Another reason agave has recently gained popularity as a “healthier” sugar is because of its low score on the glycemic index, a scale used to measure how much a food raises a person’s blood sugar.
For this reason, agave nectar has even been deemed “diabetic friendly” by some manufacturers. However, the American Diabetes Association cautions against all forms of excessive sugar intake, including agave.
Additionally, agave nectar or syrup is actually most nutritionally similar to high fructose corn syrup, which is processed a bit differently in the body than sucrose (white or table sugar) and other forms of sugar. This difference in nutritional functionality actually may hinder health instead of enhance it.
According to research from the Journal of Clinical Investigation, individuals who consumed similar amounts of concentrated fructose (i.e. agave nectar, high fructose corn syrup, etc.) were found to gain greater amounts of unhealthy fat, were more likely to be insulin-resistant and found to be at greater risk for developing diabetes and heart disease than those who consumed similar amounts of concentrated glucose (i.e. table sugar, brown sugar, honey, etc.).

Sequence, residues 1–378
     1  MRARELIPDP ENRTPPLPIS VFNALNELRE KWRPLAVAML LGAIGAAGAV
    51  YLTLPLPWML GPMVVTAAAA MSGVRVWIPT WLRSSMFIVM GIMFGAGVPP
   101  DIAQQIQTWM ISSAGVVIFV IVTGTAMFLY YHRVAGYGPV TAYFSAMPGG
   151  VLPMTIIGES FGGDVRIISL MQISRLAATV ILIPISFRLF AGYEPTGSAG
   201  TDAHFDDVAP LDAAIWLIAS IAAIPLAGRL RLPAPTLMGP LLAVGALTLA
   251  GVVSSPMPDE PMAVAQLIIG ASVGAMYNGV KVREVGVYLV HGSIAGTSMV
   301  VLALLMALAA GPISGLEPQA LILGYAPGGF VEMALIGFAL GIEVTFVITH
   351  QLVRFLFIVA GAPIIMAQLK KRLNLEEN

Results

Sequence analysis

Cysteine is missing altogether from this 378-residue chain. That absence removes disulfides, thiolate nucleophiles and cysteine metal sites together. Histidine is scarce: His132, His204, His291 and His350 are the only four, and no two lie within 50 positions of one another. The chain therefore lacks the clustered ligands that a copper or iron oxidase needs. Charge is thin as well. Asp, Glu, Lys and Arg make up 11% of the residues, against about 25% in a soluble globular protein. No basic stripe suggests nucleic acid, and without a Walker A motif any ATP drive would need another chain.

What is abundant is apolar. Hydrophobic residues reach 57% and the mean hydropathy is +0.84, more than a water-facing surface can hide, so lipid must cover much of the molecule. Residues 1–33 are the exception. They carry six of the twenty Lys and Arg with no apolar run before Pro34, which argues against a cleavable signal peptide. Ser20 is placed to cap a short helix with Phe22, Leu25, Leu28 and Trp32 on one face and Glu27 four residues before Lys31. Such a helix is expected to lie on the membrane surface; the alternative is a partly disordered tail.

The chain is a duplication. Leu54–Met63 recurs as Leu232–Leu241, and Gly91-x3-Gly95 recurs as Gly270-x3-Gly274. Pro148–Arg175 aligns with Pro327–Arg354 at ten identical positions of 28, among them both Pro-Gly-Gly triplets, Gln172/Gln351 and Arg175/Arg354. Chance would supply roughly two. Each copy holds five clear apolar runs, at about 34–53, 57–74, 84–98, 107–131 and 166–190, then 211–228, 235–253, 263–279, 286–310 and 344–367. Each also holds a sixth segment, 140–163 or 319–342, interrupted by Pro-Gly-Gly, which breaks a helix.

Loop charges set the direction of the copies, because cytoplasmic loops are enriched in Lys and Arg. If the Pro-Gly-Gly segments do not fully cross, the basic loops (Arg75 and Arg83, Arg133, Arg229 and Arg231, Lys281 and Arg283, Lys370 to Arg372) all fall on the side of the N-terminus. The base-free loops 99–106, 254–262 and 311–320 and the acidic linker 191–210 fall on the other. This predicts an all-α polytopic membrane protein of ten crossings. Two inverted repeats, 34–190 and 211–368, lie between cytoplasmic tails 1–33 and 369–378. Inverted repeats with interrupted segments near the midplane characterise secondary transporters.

In general, besides having a lower glycemic index than that of other sugars, agave nectar/syrup does not appear to offer any additional health advantages over other varieties of sugar and may even aid in the promotion of unhealthy weight gain, heart disease and diabetes when consumed in excess.
Nowadays, the most common form of excess sugar consumption tends to be in the form of sweetened beverages such as soda, sport and energy drinks, and even fruit juices.
All that excess sugar, even from natural sources (like honey and juices), can lead to an array of health problems such as tooth decay, weight gain, poor nutrition and increased triglyceride levels, which negatively affect cholesterol.
Thus, when it comes to all sugars — natural, refined, processed, etc. — moderation is truly key when having your cake (and eating it, too).
For nutritional counseling, Norman Regional Health System offers the guidance of registered dietitians. Those interested can schedule an appointment for an assessment with a referral from their family physician.